Food Safety

In an earlier blog post we talked about freezing, but we haven’t really talked about refrigerating… enter today’s blog…

Perishable foods, which include anything that you purchased from the refrigerator section of the grocery store plus any opened cans, open jars, open bottles, take-out food and leftover prepared foods all should be refrigerated within two (2) hours of opening (or completion of cooking).

That’s the basic rule that applies to all perishable foods, but there are other things that you should keep in mind.

Food Safety

Food Safety - Food Preparation

First of all, keep your fridge healthy:

  • It should remain at temperature of 40°F or below. Temperatures at or below 40°F slow the growth of most bacteria.

  • Don’t stuff your fridge too full, cold air must be able to circulate in order to keep your food safe.

  • Make sure that the seal on your fridge is still flexible, so it’s airtight when closed.

  • Food Safety When grocery shopping:

  • Try to hit the refrigerator and freezer sections after you’re done with the other isles. Try to pack these items together and then unload them first.

  • If you live in a hot climate, you may want to keep an insulated bag in the car to use for getting your highly perishable items home safely.

  • Most stores provide small plastic bags, use these to protect juicy items like fresh meat from leaking out, contaminating and ruining other items like fresh bread.

  • Food Safety

    Food Safety When cooking:

  • Always wash your hands with soap and warm water before touching food.

  • Always rinse fresh fruits and vegetables before consuming, especially if eating them raw. Many of them, for instance spinach and lettuce, can carry dangerous bacteria like E-coli. We even recommend rinsing bagged leafy vegetables that are “pre-washed”. A salad spinner can come in handy to wash and dry your veggies.

  • Keep your counters and sponges clean. Sponges can be microwaved or placed in the dishwasher to kill germs, but not the ones where one side is a scrubber – the fibers can damage your appliances.

  • Keep utensils clean, washing in between and using separate ones for separate ingredients.
  • Food Safety When storing:

  • When putting items away at home, try to seal them as tightly as possible and force the air out before sealing. Oxygen is a major food spoiler.

  • If your leftovers are still warm, store them in shallow containers to allow for speedier cooling. Again, refrigerate within 2 hours.

  • Some foods, like pasta, will continue to cook if put into a tightly closed container when still warm so leave the lid off or allow air to vent from an open corner until cool.

  • Try to eat your fresh foods first and pay attention to their eat by date. Use our tables to help, but don’t forget the “if in doubt, toss it out” motto for anything that looks or smells decayed.
  • Keep reading for important food safety handling for specific foods.

    Food Safety - Some Foods Need Special Attention

    **Additional Important Food Safety Information**

  • Wash your hands again each and every time after touching any raw meat, poultry, seafood or eggs.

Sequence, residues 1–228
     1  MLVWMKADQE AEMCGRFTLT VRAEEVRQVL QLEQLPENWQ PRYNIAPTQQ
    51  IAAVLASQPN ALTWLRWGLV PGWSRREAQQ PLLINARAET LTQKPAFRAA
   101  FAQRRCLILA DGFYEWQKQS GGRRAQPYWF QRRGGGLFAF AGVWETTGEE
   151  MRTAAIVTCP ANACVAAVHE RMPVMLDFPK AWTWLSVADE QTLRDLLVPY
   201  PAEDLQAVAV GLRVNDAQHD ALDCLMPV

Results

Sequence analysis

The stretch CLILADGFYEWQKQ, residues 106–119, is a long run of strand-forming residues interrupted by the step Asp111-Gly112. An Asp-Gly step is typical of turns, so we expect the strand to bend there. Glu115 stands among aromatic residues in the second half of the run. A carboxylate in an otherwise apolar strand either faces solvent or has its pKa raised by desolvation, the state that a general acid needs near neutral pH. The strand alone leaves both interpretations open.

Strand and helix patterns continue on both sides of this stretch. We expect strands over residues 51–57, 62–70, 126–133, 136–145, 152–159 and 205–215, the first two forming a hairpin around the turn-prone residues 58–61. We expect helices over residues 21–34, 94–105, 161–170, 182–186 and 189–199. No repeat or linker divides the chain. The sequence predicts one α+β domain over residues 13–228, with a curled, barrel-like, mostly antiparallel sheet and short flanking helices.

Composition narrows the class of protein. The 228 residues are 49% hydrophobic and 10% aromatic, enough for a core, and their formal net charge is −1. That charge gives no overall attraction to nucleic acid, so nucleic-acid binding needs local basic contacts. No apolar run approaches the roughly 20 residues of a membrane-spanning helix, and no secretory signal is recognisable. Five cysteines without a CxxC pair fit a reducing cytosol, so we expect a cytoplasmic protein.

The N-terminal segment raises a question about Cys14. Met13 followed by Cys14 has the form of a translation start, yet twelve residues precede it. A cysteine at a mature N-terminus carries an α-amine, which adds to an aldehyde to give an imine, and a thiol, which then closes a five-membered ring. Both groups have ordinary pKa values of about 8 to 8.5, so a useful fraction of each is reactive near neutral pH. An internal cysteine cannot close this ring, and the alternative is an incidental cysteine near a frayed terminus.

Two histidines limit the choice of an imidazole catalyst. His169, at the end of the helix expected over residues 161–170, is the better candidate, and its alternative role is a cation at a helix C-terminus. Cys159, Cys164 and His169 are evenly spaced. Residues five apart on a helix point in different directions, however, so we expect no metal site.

• Pay special attention to juicy foods, such as beef, pork, lamb, chicken, turkey, fish and shellfish.

    The grocery store packaging for these items can quickly leak all over your refrigerator. The raw juices from these items quite often contain harmful bacteria that can contaminate your other foods in the process if they leak. So, seal your fresh meats in sealed plastic bags or airtight containers to both keep them fresh and protect the rest of your groceries.

  • When marinating these fresh meats, poultry and seafood be sure to do so in the refrigerator. After marinating, then be sure to throw away any excess marinade that was used to marinate.

  • If your meats, poultry or seafood were frozen – never defrost them at room temperature. Use your refrigerator or a bowl of cold water that is changed every 30 minutes, or your microwave on the defrost cycle.

  • Wash and sanitize all work surfaces after they come in contact with raw meat, poultry, seafood or eggs.

    This is very important for cutting boards. Plastic cutting boards that are color coded are ideal for use with these items. Always use the same color for these items and then sanitize them in the dishwasher after each use. Then always use a different color cutting board for your fresh fruits and vegetables. Wooden boards can harbor bacteria from raw meat products.

  • Always cook foods thoroughly.

    A thermometer is best to test the internal temperature of meats (at least 160°F and poultry (at least 165°F). For a visual test – ground meat is done when it turns brown, poultry when the juices run clear, fish when it flakes with a fork and eggs when they are no longer runny. But the visual test is not as accurate as a meat thermometer and meats can contain bacteria unless they reach a high enough temperature to destroy the bacteria.

  • To find out how long other foods are good for, please visit the Dairy, Drinks, Fruits, Grains, Proteins, Vegetables and Other sections of Eat By Date or use the search function below.

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